Open-hearted communication

UNIVERSE WITHIN by Gwen Randall-Young

• Imagine a kindergarten class about to have “show and tell”. Every student in the class has a hand up because each wants to be the first to have a turn. When one finally goes first, a few pay attention, but many are thinking about what they will say when it is their turn. Others are just waiting for the speaker to finish.

When the speaker is done and the teacher tells the class they may now ask questions of the speaker, invariably some students will ignore what the speaker said and rather than ask a question, they simply tell a story of their own. Basically everyone wants to talk and no one wants to listen. Well this is kindergarten, after all, and people that age are expected to be ego-driven.

Many adult conversations, however, especially disagreements, seem to be conducted much like our kindergarten students. Each is arguing their point or position. Rather than really listening to what the other is saying, those comments are used as a jumping-off point to further elaborate upon what was already said. Rather than a real conversation, the discussion is a battle to try to get the other to see things our way and change their mind. No wonder so many couples say they have communication problems.

The word “communication” comes from the root “commune,” which means to be in a state of intimate, heightened sensitivity and receptivity. This would imply a level of closeness and being very open and sensitive not only to the words, but to the intent and the feelings of the other. Being receptive is defined as: able or inclined to receive; especially: open and responsive to ideas, impressions or suggestions.

Thus, to truly communicate, we would need to be both sensitive and receptive to the other person. I would suggest that sensitivity and receptivity are higher-level qualities that need to be developed.

Of course, this also describes the ego energy that is often carried into adulthood. Growing up is not synonymous with being evolved. We live in an ego-based culture and one really does need to transcend the values and ways of the culture and often the family of origin to move forward.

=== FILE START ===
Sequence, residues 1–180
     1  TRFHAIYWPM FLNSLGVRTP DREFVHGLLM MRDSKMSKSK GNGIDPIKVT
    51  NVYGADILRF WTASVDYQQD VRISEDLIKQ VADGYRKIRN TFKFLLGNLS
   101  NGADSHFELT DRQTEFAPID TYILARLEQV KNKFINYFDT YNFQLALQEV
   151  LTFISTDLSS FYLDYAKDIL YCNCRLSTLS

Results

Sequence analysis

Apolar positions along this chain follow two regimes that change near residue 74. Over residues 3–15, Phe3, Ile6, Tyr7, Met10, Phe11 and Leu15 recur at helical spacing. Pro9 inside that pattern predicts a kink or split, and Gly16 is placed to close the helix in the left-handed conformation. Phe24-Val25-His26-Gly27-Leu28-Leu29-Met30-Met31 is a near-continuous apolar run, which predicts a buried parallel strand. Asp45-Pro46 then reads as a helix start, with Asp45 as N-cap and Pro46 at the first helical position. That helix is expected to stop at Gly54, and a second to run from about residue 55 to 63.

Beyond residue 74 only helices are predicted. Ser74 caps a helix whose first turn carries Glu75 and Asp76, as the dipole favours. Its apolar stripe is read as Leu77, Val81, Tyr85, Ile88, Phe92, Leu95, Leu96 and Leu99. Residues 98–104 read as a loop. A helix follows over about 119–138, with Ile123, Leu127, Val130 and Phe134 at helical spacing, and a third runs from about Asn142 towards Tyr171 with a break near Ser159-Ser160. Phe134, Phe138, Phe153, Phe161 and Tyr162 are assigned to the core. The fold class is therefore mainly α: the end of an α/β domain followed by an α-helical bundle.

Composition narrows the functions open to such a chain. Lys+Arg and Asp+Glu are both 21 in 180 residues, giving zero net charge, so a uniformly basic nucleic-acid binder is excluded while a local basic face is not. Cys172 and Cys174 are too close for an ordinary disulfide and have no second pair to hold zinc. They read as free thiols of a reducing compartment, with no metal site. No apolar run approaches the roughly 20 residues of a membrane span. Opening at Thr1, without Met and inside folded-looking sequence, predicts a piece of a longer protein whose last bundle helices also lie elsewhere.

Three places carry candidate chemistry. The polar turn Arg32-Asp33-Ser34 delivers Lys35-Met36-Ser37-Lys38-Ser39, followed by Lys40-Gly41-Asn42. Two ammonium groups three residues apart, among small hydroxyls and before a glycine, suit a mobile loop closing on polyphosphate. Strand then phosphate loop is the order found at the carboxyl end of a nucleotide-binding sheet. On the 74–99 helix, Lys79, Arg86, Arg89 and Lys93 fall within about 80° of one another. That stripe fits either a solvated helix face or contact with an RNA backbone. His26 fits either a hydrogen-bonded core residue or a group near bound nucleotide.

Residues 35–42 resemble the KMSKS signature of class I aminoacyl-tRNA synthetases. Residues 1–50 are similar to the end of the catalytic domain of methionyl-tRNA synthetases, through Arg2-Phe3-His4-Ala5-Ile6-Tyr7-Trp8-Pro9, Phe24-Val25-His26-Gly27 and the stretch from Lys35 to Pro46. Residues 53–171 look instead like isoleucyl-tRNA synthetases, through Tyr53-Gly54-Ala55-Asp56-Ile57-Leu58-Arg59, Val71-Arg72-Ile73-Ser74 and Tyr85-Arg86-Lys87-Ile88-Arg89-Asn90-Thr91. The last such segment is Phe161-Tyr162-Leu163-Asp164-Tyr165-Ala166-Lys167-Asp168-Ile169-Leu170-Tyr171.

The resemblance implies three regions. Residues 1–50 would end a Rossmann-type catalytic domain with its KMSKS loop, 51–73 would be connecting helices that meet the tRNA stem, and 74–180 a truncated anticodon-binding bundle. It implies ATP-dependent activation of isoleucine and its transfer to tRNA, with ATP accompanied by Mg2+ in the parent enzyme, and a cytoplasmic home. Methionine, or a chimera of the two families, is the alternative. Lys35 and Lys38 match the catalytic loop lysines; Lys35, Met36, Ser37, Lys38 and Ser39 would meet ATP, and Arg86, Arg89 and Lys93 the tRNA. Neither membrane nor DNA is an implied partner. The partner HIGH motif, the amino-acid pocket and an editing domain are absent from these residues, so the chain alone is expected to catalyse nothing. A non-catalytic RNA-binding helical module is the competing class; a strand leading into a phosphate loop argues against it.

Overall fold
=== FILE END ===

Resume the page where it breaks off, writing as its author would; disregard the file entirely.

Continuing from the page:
We call people heroes when they go out of the way and perhaps even face danger to help another. There are some cultures where this is so common and expected that it is not seen as anything particularly unusual. Mother Teresa was a model of compassion and unconditional loving. There are countless less famous people who spend their lives listening, learning and understanding the needs of those who are suffering.

These are people with very open hearts. There is no ego involved here. They only want to help and desire no recognition. These examples may be on the extreme end of the compassion scale, but the principle of open-heartedness is the same whether we are building a hospital or building a relationship.

It is hard to talk to someone who is not open hearted about sensitivity and receptivity. Having meaningful, positive communication is not so much about how we talk, but about who we are.

For communication to be different, we need to be different. It is not, however, about changing the other person, but striving to change ourselves.

Gwen Randall-Young is an author and psychotherapist in private practice. For more of Gwen’s articles and information about her books, Self Care CDs and the new Creating Healthy Relationships series, visit www.gwen.ca. See display ad this issue.

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